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Renewing American Classics

by Missy Sheehan & photos by Turner Photography


Using fresh local ingredients, Domestic serves up iconic dishes with a twist.

Nestled along German Street in the heart of historic downtown Shepherdstown, W.Va., is a hip, locally- and seasonally-inspired restaurant called Domestic that offers a creative take on classic American fare. The upscale, yet cozy atmosphere of the modest-sized eatery features local art on the walls and a swanky marble bar running the length of the dining area, but owner Doug Vaira says he doesn’t consider Domestic to be fine dining. “The idea for the restaurant was simple: iconic American food with a little bit of a twist,” he says. “We don’t do fancy. You don’t get a plate where all you get is a little poof of something in the middle of it for $50. We have things like bacon mac and cheese, shrimp and grits, burgers, and fried chicken. And we try to keep prices pretty fair, too, so it’s a place where two people can have a nice dinner for $40-45.” The warm and welcoming ambience and an ever-evolving menu that changes based on seasonal availability of local ingredients, makes for a truly unique and enjoyable dining experience.

Finding a Niche

Doug was no stranger to the restaurant industry when he opened Domestic in March of 2013. He worked as a dishwasher, busboy and server before becoming a journalist and working for magazines and newspapers for 15 years. Doug and his wife moved from Denver, Colo., to Charles Town, W.Va., nearly two decades ago, leaving behind the job where he worked on the sports section at The Denver Post . Seeing potential in his new hometown, Doug opened Dish in 2008 — a bistro-style restaurant that is also focused on using local, seasonal ingredients. Four successful years later, while Doug was looking for just the right space to open a second restaurant, he came across the space at 117 E. German St. in Shepherdstown, which he developed into Domestic. The dining options ranged from casual pizza, burrito, and smoothie shops to several high-end fine dining establishments in Shepherdstown, but didn’t have many options in the middle, Doug says. “We were looking to fill that niche as a nice casual, comfortable space with a good beer and wine list, good cocktails and good food, but not overpriced — and not pretentious,” he states.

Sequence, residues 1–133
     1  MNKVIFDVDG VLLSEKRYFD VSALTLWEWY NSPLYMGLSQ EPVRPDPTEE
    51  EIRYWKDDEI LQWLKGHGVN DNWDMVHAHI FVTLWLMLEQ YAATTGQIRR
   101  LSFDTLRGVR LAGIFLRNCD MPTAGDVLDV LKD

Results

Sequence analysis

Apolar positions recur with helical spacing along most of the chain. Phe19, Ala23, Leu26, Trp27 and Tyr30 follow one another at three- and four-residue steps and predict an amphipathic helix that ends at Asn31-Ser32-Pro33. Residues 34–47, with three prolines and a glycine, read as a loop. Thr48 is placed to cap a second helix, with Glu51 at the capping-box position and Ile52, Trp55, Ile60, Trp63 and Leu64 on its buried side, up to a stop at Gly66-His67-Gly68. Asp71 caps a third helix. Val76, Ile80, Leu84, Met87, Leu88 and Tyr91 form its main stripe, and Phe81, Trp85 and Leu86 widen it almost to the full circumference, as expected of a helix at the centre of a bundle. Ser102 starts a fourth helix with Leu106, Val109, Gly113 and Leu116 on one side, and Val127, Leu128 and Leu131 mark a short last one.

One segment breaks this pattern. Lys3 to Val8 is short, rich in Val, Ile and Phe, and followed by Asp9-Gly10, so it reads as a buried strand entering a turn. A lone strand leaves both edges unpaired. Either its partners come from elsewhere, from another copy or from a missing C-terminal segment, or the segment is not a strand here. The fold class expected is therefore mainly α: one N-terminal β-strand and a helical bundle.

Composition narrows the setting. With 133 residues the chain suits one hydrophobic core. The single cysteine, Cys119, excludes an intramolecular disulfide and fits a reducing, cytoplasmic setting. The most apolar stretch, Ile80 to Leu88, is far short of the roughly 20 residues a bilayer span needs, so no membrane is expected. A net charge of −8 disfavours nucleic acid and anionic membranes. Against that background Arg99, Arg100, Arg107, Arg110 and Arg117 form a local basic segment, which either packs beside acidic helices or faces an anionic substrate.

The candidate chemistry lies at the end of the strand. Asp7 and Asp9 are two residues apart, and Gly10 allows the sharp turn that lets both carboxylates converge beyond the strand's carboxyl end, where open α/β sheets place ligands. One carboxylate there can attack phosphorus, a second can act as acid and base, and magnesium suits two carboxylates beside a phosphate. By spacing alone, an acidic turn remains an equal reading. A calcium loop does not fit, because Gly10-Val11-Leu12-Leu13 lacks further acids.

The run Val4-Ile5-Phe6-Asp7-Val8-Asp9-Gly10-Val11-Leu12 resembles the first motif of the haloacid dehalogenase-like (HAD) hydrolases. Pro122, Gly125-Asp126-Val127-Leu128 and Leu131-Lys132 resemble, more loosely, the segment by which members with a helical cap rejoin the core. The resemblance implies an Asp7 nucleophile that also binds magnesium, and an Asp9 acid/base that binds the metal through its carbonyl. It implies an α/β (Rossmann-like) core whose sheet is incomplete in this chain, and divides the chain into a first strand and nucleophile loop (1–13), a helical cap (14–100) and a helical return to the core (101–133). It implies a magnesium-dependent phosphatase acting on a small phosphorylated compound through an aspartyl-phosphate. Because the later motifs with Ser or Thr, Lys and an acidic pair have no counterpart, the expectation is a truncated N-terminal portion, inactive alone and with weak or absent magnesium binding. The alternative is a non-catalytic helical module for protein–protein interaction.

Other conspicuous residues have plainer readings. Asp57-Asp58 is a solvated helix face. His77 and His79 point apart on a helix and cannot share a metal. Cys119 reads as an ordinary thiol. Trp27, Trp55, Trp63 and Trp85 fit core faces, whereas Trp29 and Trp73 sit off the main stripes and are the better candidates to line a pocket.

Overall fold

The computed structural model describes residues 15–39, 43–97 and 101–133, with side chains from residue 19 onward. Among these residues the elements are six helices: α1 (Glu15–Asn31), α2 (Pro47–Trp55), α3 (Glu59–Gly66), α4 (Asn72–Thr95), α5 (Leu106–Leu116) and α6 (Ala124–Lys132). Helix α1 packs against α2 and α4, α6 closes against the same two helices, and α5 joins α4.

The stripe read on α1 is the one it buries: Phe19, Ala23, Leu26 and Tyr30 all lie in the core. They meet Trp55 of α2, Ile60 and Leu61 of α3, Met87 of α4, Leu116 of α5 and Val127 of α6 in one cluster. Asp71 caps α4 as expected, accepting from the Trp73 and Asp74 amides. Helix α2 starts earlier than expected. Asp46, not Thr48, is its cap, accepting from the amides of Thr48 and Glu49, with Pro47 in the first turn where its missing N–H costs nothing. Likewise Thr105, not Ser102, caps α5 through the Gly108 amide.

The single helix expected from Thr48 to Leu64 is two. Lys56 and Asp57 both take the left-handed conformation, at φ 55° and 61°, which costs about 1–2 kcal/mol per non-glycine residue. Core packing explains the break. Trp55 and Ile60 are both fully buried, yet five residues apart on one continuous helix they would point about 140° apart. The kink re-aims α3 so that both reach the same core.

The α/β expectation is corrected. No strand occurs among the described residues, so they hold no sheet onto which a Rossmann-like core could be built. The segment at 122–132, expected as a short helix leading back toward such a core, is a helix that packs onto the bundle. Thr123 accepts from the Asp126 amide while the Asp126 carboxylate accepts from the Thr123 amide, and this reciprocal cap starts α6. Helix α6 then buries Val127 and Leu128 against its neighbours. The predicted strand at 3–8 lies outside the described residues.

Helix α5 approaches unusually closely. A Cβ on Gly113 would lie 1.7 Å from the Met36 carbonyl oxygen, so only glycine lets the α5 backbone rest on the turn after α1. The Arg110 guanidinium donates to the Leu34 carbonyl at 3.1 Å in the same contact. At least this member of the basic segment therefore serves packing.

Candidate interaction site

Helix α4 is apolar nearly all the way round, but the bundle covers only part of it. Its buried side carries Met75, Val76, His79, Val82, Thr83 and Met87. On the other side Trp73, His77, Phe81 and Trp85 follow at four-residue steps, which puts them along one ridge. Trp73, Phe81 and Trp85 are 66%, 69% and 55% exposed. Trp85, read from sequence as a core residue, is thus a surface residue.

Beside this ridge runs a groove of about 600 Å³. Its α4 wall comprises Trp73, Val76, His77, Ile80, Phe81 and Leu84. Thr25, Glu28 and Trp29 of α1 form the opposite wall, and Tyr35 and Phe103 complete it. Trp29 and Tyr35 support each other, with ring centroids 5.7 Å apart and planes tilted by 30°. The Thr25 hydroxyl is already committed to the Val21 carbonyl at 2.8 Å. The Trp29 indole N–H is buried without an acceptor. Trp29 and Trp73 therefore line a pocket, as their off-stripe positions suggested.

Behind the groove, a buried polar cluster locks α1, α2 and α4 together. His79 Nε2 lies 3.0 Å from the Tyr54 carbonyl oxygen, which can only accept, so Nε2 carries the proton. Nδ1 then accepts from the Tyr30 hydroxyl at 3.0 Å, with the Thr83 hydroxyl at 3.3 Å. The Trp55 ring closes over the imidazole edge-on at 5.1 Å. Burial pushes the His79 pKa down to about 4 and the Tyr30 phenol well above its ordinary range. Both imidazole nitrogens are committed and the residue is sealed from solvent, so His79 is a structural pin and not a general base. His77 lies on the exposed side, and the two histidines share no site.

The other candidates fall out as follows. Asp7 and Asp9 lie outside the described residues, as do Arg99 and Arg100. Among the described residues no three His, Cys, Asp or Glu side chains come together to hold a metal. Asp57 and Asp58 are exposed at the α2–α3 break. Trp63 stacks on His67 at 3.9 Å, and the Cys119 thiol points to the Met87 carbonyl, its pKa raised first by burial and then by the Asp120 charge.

Living up to the Name

The name Domestic comes from the restaurant’s focus on classic American cuisine and using locally sourced products, Doug says. The restaurant sells only domestically produced wines and craft beers, many of which come from West Virginia breweries like the Mountain State Brewing Company based in Thomas, as well as others nearby like Flying Dog Brewery in Frederick. Domestic also offers a specialty cocktail menu that changes every few months and features concoctions like the Mountain Mama High, made using Old Scout bourbon from Smooth Ambler Spirits in Greenbrier County, W.Va.

Domestic sources much of its other ingredients locally as well. The restaurant purchases meats from local farms and the Pennsylvania Dutch Market in Hagerstown, eggs from Moon on the Mountain Farm in Shenandoah Junction, W.Va, and coffee from Hypnocoffee Roastery in Shepherdstown.

While the seasonally focused menu changes frequently, a few customer favorites, like the grilled Caesar salad, never leave the menu, assures Doug.

Dining at Domestic

Executive Chef Desiree Garcia prepared three dishes for me to sample during my visit. First, I try the roasted beets salad — a colorful plate of arugula topped with roasted beets, clementine supremes, sliced radishes and Maytag blue cheese, drizzled with an apricot-shallot reduction. The peppery taste of the arugula and the savoriness of the roasted beets pair nicely with the sharpness of the bleu cheese and the bit of sweetness from the clementine and reduction. Next I try the popular shrimp and grits, a southern-inspired dish featuring creamy cheddar grits topped with spicy Cajun grilled shrimp and Andouille sausage, garnished with an Old Bay beurre blanc sauce and served with a side of wilted spinach. It’s warm, rich and comforting, exactly what you expect from a Southern-style dish, but with a sophisticated and spicy kick from the beurre blanc sauce, which Chef Garcia tells me is made using Old Bay seasoning, white wine, cream, and cold butter. I round off my sampling with a hearty burger on a house-made potato roll and topped with Maytag blue cheese, caramelized onions and pepper bacon. Served with hand-cut french fries that are double-fried before being seasoned with salt, pepper, fresh garlic and a secret mix of herbs, the burger is a tasty and unique take on a quintessential American classic. In addition to salads and dinner entrees, Domestic has a large selection of sandwiches, many of which are vegetarian, on its lunch menu. The restaurant also offers brunch specials every Saturday and Sunday. Aside from its regular dining options, Domestic hosts regular special events like chef ’s tables and beer and wine pairing dinners, as well as live music by local bands every Sunday from 4–7 p.m. and on random evenings throughout the week. “We get a pretty good bar crowd in here at night,” Doug says. “And it’s nice because we have a relaxed, kind of grown-up environment.”

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